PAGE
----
It seems simple enough in theory, but few football rules cause more debate and controversy than the offside law.
A good example came at the conclusion of the 2016-17 English season, with Chelsea unhappy with the way Alexis Sanchez gave Arsenal the lead in the FA Cup final.
On that occasion, Alexis scored by latching on to the ball in the penalty area despite the nearby presence of Aaron Ramsey, who was in an offside position. Because Ramsey was not judged to have interfered, the goal stood.
That was just one example of how the rule has come under scrutiny of late, but what do the Laws of the Game actually say about its enforcement?
Here is your guide to exactly what the offside rule currently entails according to Football Association and FIFA provisions.
What is the offside rule?
You are offside when you are in the opponents’ half and any part of your head, body or legs is closer to the opponents’ goal line than both the ball and the second-last opponent.
One of those two opponents is almost always the goalkeeper, so usually if either the ball or one outfield opponent is not between you and the goal line, you will be offside. You are not offside if you are level with the second-last opponent (or both opponents).
It is not an offence to simply be in an offside position, though – you can stand offside whenever you like without the whistle being blown.
Being offside can become an offence for a number of different reasons, and this is where the confusion starts and controversy can arrive.
The first, and most common and obvious, is when you receive and play the ball having been in an offside position when it is played to you by a team-mate. That is called interfering with play.
Offside can also become an offence, however, when you interfere with an opponent. You can do this in four ways:
- by preventing an opponent from playing or being able to play the ball by obstructing his line of vision
- by challenging an opponent for the ball
- by clearly attempting to play the ball when this impacts an opponent
- by making an obvious action which impacts an opponent’s ability to play the ball
Lastly, you are also offside if you have been standing in an offside position when a team-mate plays the ball and it rebounds or deflects off the post, crossbar or an opponent to you or is deliberately saved and rebounds to you.
When is offside not an offence?
As mentioned, you can stand in an offside position and not be committing an offside offence if you are not interfering with play or an opponent or gaining an advantage on a rebound, save or deflection.
There is also no offence if you are standing in an offside position and you receive the ball when an opponent has deliberately played it, or if you receive the ball directly from your team’s goal kick, corner kick or throw-in.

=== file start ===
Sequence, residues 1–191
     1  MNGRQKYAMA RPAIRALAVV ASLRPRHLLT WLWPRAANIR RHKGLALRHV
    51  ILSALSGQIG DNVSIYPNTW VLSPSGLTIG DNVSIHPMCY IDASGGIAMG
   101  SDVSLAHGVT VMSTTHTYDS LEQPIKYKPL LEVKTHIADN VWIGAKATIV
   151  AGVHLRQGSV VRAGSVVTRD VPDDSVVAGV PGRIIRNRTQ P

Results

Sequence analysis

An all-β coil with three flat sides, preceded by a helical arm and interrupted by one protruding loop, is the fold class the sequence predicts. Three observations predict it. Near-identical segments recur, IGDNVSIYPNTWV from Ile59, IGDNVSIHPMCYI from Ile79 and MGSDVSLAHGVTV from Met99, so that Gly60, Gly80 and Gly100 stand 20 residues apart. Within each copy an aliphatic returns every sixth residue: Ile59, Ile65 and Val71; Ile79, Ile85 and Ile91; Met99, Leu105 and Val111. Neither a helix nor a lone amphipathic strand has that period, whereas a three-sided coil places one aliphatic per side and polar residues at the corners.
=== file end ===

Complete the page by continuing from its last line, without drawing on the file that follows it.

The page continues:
You cannot be offside if you are in your own half when the ball is played – even if you have reached the opposition half by the time you receive it – so there is no offence there, either.
What are the sanctions for an offside offence?
When an offside offence occurs, the defending team is awarded an indirect free-kick. It is taken wherever the offside player plays the ball, interferes with play or an opponent or gains an advantage.
Players are not punished with cards or any other discipline for offside offences, no matter how many of them they commit.
So what’s the controversy?
Despite being one of football’s most fundamental rules, offside rulings are regularly at the centre of debate and controversy.
The problem is that certain aspects of the rule are not black and white but instead involve a degree of subjectivity. While there are few issues when an offside player directly interferes with play, what exactly constitutes interfering with an opponent is up to the referee to decide.
As mentioned above, an example of this was in last year’s FA Cup final, when Alexis Sanchez knocked the ball behind the defence and Aaron Ramsey, from an offside position, clearly moved towards it only to then back off and leave Alexis to run through and score.
Chelsea could argue that Ramsey had committed an offside offence by “clearly attempting to play the ball when this impacts an opponent” on the basis that he made a move towards the ball that distracted their defenders and goalkeeper.
The referee might counter, though, that while Ramsey had moved towards the ball, his actions had not had any bearing on the Blues’ ability to stop Alexis from scoring and that it was their own fault that they did not play to the whistle.
Neither answer is definitively right or wrong and for some, that means that the rule needs to be simplified or made clearer. “The offside rule is crazy,” Gary Cahill said after the match.
For the foreseeable future, though, offside looks set to continue to exist in its current form.
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